Stuart was sworn in as the 7th Prime Minister of Barbados and Minister for National Security, the public service and Urban Development the same day by Governor-General Clifford Husbands.[9]

In 2011, Stuart was appointed as a member of the UN Global Panel on Sustainability.

Stuart won his first election as Prime Minister on 21 February 2013, defeating Barbados Labour Party challenger (for his constituency) Noel Lynch.[12]

On 24 January 2014 Stuart became a member of the Privy Council of the United Kingdom.[13]

Stuart had announced changes for Barbados including his intention to turn Barbados into a republic and replace the Queen of Barbados with a ceremonial president as head of state.[14] Ahead of the 2018 General Election Stuart stated if re-elected he would push for removal of Barbados from jurisdiction of the Caribbean Court of Justice (CCJ).[15]

The DLP lost all of its seats in the May 2018 election to the Barbados Labour Party of Mia Mottley. It was the worst defeat of a sitting government in Barbadian history. Stuart himself was roundly defeated in his own seat, taking only 26.7 percent of the vote.[16] (In September 2020, Mottley's government also proposed removing the Queen as head of state.)[17]

On 1 August 2018, Stuart stepped down as DLP leader and President, and a leadership election was held to fill up the position where the Candidate for Christ Church South Verla De Peiza won unopposed in the election. Verla De Peiza succeeded Stuart on the following day.[6]

Honours and awardsEdit


  1. ^ "Caribbean MBA Conference". Archived from the original on 4 January 2013. Retrieved 23 February 2013.
  2. ^ "BGIS Media - Biography - Deputy Prime Minister". Retrieved 23 February 2013.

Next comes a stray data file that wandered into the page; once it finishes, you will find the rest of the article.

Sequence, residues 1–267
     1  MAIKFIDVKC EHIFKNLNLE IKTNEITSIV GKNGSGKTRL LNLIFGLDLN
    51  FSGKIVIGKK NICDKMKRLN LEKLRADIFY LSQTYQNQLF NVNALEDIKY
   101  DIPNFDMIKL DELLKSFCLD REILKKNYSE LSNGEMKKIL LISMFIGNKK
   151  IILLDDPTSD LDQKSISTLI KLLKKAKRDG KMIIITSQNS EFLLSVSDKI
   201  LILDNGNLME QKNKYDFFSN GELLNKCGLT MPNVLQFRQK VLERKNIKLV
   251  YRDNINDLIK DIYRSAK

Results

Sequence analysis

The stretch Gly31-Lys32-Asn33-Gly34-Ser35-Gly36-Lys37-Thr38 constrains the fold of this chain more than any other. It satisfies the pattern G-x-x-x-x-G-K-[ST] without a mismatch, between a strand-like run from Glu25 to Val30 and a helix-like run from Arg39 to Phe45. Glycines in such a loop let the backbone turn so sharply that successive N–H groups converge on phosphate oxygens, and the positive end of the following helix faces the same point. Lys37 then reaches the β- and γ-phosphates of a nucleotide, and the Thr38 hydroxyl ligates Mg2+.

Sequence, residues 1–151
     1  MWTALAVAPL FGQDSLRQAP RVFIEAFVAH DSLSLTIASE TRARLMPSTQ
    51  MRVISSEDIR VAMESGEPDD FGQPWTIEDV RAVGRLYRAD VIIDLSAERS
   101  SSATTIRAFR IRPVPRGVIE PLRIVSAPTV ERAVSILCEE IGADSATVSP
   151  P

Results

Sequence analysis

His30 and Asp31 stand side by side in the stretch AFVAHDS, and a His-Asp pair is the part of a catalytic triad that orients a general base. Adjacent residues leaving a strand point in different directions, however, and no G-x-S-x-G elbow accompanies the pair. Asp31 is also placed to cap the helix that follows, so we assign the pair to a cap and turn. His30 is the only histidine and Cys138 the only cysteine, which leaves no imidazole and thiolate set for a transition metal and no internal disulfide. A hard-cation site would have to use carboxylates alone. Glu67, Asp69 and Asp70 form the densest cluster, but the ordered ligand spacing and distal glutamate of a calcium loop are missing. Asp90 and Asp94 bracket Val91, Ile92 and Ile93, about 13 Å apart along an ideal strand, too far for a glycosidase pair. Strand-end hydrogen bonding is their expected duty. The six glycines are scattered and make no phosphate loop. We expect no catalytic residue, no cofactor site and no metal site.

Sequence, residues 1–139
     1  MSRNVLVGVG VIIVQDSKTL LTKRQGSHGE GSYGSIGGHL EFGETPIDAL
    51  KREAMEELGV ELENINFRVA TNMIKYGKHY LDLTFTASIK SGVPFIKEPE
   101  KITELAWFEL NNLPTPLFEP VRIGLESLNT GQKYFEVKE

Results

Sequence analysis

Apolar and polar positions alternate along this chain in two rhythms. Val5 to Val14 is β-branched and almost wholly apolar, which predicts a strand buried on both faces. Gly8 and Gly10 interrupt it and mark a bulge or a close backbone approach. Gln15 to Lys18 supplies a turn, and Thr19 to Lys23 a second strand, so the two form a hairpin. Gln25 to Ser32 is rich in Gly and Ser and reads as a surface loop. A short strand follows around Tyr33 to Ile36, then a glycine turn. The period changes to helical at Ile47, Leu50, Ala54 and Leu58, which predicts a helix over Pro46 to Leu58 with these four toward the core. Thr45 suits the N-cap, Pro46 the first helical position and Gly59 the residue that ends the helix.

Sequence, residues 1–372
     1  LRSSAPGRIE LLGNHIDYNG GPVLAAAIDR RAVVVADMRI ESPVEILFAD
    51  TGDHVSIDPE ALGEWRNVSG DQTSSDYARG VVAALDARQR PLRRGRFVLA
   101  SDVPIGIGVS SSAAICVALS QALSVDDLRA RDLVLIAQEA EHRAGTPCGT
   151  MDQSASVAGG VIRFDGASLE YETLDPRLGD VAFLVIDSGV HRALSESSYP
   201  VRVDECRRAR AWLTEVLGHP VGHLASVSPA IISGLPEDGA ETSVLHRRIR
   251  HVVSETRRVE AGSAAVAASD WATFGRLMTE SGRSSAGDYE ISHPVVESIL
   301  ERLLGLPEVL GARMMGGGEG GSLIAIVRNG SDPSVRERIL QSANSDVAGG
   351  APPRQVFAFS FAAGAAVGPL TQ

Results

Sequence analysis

3. ^ Staff writers (23 October 2010). "Breaking News: Cabinet members to be re-confirmed this afternoon". The Barbados Advocate. Archived from the original on 11 March 2012. Retrieved 23 October 2010.
  4. ^ Staff writer (23 October 2010). "Stuart sworn in Prime Minister". Nation Newspaper. Retrieved 23 October 2010.[dead link]
  5. ^ De Peiza is new DLP president
  6. ^ a b "Barbados elects Mia Mottley as first woman PM". British Broadcasting Corporoation. 25 May 2018. Retrieved 21 October 2018.
  7. ^ Staff writer. "Urgent Barbados Death: Barbados Prime Minister David Thompson is dead". Caribbean News Agency (CANA). Archived from the original on 26 October 2010. Retrieved 23 October 2010.
  8. ^ a b "New Barbados PM to be sworn in". RJR News. 23 October 2010. Archived from the original on 26 October 2010. Retrieved 23 October 2010.
  9. ^ a b c d "Barbados' Seventh PM". Trinidad & Tobago's Newsday. 25 October 2010. Retrieved 25 October 2010.
  10. ^ a b c d "Meet Barbados' New Prime Minister". CaribWorldNews. 23 October 2010. Retrieved 25 October 2010.[permanent dead link]
  11. ^ Rhonda Thompson (10 July 2010). "Barbados has new Attorney-General". Nation News. Retrieved 30 April 2012.
  12. ^ "Winners again". The Barbados Advocate. 22 February 2013. Archived from the original on 22 May 2015. Retrieved 22 February 2013.
  13. ^ Rhonda Thompson, "Stuart member of Queen's Privy Council", Nation News, 24 January 2014.
  14. ^ "PM says Barbados moving towards Republic - Latest News -". Archived from the original on 24 March 2015. Retrieved 31 December 2015.
  15. ^ Barbados Prime Minister Wants Out of CCJ
  16. ^ Report on 2018 election at Caribbean Elections
  17. ^ "Barbados to remove Queen Elizabeth as head of state". BBC News. 16 September 2020. Retrieved 18 March 2021.
  18. ^ Chabrol, Denis (25 May 2016). "President Granger confers Order of Roraima on Barbados Prime Minister". Demerara Waves Online News.

Further readingEdit

External linksEdit

Political offices
Preceded by Deputy Prime Minister of Barbados
Title next held by
Santia Bradshaw
Preceded by Attorney-General of Barbados
Succeeded by
Preceded by Prime Minister of Barbados
Succeeded by
Party political offices
Preceded by
David Thompson
Leader of the Democratic Labour Party
Succeeded by